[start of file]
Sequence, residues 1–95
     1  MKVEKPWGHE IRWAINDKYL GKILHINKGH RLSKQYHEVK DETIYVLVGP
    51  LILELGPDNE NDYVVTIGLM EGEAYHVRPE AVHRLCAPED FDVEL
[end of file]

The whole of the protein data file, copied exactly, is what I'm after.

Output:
Sequence, residues 1–95
     1  MKVEKPWGHE IRWAINDKYL GKILHINKGH RLSKQYHEVK DETIYVLVGP
    51  LILELGPDNE NDYVVTIGLM EGEAYHVRPE AVHRLCAPED FDVEL